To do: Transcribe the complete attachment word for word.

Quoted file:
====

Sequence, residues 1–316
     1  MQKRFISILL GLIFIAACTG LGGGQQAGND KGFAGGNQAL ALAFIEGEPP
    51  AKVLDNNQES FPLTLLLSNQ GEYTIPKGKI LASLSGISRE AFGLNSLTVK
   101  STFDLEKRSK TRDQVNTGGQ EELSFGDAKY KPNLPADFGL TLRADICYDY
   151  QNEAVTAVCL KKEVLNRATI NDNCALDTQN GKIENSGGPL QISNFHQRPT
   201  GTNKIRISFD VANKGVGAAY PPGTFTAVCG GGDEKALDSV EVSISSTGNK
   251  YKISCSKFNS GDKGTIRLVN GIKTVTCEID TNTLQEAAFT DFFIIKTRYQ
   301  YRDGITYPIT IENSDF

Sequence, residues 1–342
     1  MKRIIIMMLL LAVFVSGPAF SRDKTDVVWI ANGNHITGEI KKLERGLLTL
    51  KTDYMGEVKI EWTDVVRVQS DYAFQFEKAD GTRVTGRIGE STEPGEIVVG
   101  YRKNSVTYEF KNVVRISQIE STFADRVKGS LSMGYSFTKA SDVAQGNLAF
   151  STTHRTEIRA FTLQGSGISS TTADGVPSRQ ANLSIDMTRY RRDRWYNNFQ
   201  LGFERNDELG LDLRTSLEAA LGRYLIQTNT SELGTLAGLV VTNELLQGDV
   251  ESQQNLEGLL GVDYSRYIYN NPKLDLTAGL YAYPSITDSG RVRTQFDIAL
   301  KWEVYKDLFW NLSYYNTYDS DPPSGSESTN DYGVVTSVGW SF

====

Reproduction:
Sequence, residues 1–316
     1  MQKRFISILL GLIFIAACTG LGGGQQAGND KGFAGGNQAL ALAFIEGEPP
    51  AKVLDNNQES FPLTLLLSNQ GEYTIPKGKI LASLSGISRE AFGLNSLTVK
   101  STFDLEKRSK TRDQVNTGGQ EELSFGDAKY KPNLPADFGL TLRADICYDY
   151  QNEAVTAVCL KKEVLNRATI NDNCALDTQN GKIENSGGPL QISNFHQRPT
   201  GTNKIRISFD VANKGVGAAY PPGTFTAVCG GGDEKALDSV EVSISSTGNK
   251  YKISCSKFNS GDKGTIRLVN GIKTVTCEID TNTLQEAAFT DFFIIKTRYQ
   301  YRDGITYPIT IENSDF

Sequence, residues 1–342
     1  MKRIIIMMLL LAVFVSGPAF SRDKTDVVWI ANGNHITGEI KKLERGLLTL
    51  KTDYMGEVKI EWTDVVRVQS DYAFQFEKAD GTRVTGRIGE STEPGEIVVG
   101  YRKNSVTYEF KNVVRISQIE STFADRVKGS LSMGYSFTKA SDVAQGNLAF
   151  STTHRTEIRA FTLQGSGISS TTADGVPSRQ ANLSIDMTRY RRDRWYNNFQ
   201  LGFERNDELG LDLRTSLEAA LGRYLIQTNT SELGTLAGLV VTNELLQGDV
   251  ESQQNLEGLL GVDYSRYIYN NPKLDLTAGL YAYPSITDSG RVRTQFDIAL
   301  KWEVYKDLFW NLSYYNTYDS DPPSGSESTN DYGVVTSVGW SF